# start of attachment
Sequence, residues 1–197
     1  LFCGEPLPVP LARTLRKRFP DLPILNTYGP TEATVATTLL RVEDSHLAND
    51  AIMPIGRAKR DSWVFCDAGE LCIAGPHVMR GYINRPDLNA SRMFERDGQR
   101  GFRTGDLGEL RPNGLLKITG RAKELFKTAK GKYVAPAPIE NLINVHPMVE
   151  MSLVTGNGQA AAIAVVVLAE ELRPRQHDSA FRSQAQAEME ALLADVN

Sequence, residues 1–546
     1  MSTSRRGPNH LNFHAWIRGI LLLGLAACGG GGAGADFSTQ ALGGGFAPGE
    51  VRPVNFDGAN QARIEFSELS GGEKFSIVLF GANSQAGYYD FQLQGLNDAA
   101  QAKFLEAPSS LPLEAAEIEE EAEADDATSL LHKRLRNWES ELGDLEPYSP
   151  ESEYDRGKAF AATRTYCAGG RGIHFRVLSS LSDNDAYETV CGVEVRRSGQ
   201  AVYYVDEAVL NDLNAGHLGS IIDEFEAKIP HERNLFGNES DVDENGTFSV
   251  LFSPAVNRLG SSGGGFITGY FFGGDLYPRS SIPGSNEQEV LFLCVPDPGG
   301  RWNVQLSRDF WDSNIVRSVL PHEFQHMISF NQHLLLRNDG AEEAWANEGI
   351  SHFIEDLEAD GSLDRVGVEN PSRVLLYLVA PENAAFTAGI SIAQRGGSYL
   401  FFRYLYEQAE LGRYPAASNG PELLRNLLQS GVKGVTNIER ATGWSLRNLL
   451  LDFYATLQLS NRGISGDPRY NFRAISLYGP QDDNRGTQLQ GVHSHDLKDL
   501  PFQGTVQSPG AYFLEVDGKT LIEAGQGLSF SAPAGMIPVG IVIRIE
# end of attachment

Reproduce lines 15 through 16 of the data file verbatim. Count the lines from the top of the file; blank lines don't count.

   401  FFRYLYEQAE LGRYPAASNG PELLRNLLQS GVKGVTNIER ATGWSLRNLL
   451  LDFYATLQLS NRGISGDPRY NFRAISLYGP QDDNRGTQLQ GVHSHDLKDL